Whether you’re a just-starting-out e-retailer making your
first investment in inventory or an experienced merchant
dealing with a routine resupply, Purchase Orders — dubbed
POs — will be involved.
Unless you’re manufacturing your own product, you must get
in touch with your supplier(s) to order product for sale.
POs make this happen by streamlining the process for both
retailer and vendor — they’re documents sent by a retailer
to the supplier that place an order for some quantity of
product that the supplier carries.
POs can contain the following information:
- Your name, date, and company address
- Your supplier’s name and address
- Ship-to information
The specific products you’re ordering, including product
size, color, etc.
- The price per unit of each product
The quantity of each product requested
- Each product’s SKU or UPC code
- Timeframe of delivery and payment
Specific instructions like which shipping carriers, methods,
or shipping accounts to use for delivery
As you can probably tell, specificity is important when issuing
a purchase order. The more detail provided, the less room for
any miscommunication with your supplier!
As you craft a PO, be sure to take more than just the products
and quantity you need into account. Here are some questions to
ask yourself when you’re ready to create and send a PO to your
Is any of my inventory on-hand at risk of a stock out?
How much does each unit I’m ordering cost?
- How much will this PO cost in total?
Am I waiting on any backordered inventory (product that
hasn’t yet been delivered from a previous PO)?
There are two aims in asking yourself these questions:
understanding whether or not the PO you’re issuing meets your
demand and whether or not your bottom line can take the
As for the actual creation of purchase orders, it’s certainly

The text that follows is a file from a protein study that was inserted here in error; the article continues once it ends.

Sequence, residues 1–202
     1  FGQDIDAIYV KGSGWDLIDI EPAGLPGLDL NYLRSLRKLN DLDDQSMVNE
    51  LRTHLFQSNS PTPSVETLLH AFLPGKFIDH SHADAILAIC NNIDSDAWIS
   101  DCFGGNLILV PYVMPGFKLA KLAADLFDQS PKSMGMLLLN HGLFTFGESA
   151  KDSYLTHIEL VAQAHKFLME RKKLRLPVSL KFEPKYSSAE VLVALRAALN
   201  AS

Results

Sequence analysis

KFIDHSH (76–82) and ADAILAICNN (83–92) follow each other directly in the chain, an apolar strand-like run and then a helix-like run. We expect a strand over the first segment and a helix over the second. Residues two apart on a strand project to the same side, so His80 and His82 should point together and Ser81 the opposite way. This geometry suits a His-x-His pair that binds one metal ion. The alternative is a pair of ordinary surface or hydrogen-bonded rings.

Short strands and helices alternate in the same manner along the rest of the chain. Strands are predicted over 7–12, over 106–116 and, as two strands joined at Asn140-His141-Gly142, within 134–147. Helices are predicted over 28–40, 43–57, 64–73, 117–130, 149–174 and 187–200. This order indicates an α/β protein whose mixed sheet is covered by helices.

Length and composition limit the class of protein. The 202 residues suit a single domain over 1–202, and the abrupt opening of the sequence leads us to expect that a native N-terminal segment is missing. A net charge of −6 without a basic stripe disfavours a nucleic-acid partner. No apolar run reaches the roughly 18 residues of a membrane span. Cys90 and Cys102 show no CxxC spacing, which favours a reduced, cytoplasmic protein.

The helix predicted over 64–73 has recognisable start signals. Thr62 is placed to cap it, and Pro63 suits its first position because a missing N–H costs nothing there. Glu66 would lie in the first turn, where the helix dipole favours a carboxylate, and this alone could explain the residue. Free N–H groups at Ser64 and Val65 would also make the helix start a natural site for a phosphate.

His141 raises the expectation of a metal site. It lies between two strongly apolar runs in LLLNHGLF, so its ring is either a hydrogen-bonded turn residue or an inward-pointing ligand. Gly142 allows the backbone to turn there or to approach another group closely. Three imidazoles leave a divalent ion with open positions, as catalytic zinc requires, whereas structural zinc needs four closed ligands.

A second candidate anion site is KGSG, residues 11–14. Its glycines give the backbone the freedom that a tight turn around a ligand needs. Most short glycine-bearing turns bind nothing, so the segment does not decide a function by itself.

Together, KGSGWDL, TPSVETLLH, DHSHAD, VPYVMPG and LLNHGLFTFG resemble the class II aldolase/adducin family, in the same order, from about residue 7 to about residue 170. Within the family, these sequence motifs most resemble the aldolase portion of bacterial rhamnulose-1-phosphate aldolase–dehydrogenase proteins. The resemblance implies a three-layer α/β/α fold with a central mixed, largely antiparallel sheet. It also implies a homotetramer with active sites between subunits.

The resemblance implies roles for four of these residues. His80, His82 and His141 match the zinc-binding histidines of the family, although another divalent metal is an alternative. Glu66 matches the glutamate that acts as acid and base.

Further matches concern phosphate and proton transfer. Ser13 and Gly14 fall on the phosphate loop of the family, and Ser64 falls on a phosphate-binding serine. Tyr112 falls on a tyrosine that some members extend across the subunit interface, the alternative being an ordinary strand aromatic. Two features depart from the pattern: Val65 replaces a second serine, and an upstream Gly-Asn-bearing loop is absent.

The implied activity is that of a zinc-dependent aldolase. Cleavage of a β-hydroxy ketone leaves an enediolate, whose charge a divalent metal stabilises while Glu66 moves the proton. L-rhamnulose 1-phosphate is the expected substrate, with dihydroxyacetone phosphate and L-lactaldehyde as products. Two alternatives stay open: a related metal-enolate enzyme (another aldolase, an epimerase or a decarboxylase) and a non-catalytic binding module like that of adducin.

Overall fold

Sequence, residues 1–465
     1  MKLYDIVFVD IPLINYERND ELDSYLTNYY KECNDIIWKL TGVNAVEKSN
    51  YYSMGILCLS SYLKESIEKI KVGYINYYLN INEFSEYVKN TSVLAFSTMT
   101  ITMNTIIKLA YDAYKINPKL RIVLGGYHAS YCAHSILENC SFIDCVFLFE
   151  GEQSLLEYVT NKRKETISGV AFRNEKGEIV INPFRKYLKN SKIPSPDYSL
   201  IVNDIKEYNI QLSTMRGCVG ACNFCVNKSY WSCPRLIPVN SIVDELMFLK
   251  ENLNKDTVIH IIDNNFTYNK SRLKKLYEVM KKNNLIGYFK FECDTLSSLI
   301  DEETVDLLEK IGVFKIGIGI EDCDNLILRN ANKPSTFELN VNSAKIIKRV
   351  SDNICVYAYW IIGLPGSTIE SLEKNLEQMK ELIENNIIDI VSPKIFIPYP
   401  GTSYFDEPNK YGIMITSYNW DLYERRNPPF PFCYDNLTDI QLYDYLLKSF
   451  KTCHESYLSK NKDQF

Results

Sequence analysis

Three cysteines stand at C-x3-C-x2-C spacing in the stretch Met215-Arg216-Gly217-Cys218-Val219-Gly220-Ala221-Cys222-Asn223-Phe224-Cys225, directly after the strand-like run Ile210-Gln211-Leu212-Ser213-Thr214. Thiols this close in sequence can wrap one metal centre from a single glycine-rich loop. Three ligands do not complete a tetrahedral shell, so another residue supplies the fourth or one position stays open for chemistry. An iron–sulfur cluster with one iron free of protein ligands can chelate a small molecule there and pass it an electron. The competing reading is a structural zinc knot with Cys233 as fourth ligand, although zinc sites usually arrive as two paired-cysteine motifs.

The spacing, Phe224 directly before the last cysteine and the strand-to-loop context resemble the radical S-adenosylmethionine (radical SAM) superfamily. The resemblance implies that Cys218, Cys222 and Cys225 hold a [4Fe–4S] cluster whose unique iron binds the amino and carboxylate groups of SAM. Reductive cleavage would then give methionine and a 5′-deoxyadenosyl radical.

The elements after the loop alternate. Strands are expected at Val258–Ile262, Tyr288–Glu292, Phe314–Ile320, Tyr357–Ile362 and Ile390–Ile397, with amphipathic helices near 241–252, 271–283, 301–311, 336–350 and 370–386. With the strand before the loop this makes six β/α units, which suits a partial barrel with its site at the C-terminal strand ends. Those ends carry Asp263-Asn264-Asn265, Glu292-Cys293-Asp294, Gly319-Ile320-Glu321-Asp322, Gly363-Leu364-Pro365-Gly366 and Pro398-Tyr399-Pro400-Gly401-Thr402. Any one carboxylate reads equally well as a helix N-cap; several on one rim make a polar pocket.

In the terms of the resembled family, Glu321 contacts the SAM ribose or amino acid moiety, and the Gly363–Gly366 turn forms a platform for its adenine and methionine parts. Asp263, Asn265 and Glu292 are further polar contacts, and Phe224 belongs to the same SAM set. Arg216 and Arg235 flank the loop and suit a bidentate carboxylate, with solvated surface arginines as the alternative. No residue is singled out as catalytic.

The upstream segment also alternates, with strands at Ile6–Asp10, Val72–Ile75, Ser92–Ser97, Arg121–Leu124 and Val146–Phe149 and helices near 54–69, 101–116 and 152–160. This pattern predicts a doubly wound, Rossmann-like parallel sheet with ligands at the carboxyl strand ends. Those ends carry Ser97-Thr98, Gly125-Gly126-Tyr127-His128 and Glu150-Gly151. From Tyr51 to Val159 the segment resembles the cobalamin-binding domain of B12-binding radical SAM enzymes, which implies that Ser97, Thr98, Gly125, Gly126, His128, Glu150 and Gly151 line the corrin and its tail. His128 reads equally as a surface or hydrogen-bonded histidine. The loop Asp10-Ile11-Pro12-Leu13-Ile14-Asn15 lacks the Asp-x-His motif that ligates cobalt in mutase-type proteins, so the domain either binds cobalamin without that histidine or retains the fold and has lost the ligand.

possible to manually write them up or email them yourself, but
e-retailers typically use some sort of inventory management
software to create, fill out, and send their purchase orders.
When dealing with software, products and their respective
suppliers are imported, and when the user receives an alert that
quantity is low, they create and enter specifics into a PO
that’s emailed directly to the product’s supplier at the press
of a button.
Once you’ve figured out the contents of a purchase order, the
timeframe of delivery and payment are of utmost importance.
Before sending the PO their way, be sure to figure out when you
need the product and whether it needs to be sent to you all at
once or in batches.
That said, a PO is a two-way street. It’s important to
understand that a PO sent to the supplier is only
legally-binding once they accept it. Much of the control over
timeframe and payment belongs to the supplier — they have the
leverage since they have the product you need. They’ll do their
best to satisfy your needs as a client, but they may have their
interests to look after as well.
Some vendors might require that you pay for part of the
inventory requested before they ship it your way. Some vendors
might be selling the same product to various merchants, choosing
to deliver product to you in batches instead of all at once as a
result. Some might request that a PO be paid for in full once
it’s accepted, even if product must be backordered.
Regardless, list out a timeframe for delivery and payment.
Before it’s accepted by the supplier, a PO is an offer. If the
vendor has an issue with any of your requests, they’ll let you
POs aren’t just requests for product — they’re a major part of
managing your supplier relations and protecting yourself
operationally and legally.
Documents are important because, well, they document things.
They can be referred to in the event that something is unclear
or if something goes wrong. A PO is direct documentation of a
transaction between you and your supplier, and it acts as a
legally-binding contract once both parties accept it.
For instance, if your supplier shorts you on some inventory and
fails to live up to the delivery timeframe that you’ve both
agreed upon, the PO now has your back. Or, if you mistakenly
ordered a certain quantity or suspect that the supplier messed
up, the PO can be referred to to see who erred.
Until the supplier sends over every unit you’ve agreed on in the
purchase order, the PO will remain open and active. If product
is to be delivered over time, be sure to make note of the units
you receive, whether it’s adding the total to a spreadsheet or
inputting quantities in your inventory management software.
Only after a supplier delivers the PO in total is it fulfilled.
Payment depends on the rules agreed upon, but it often takes
place once the PO is completed. And, for all the reasons we’ve
already mentioned, be sure to keep record of your POs, even if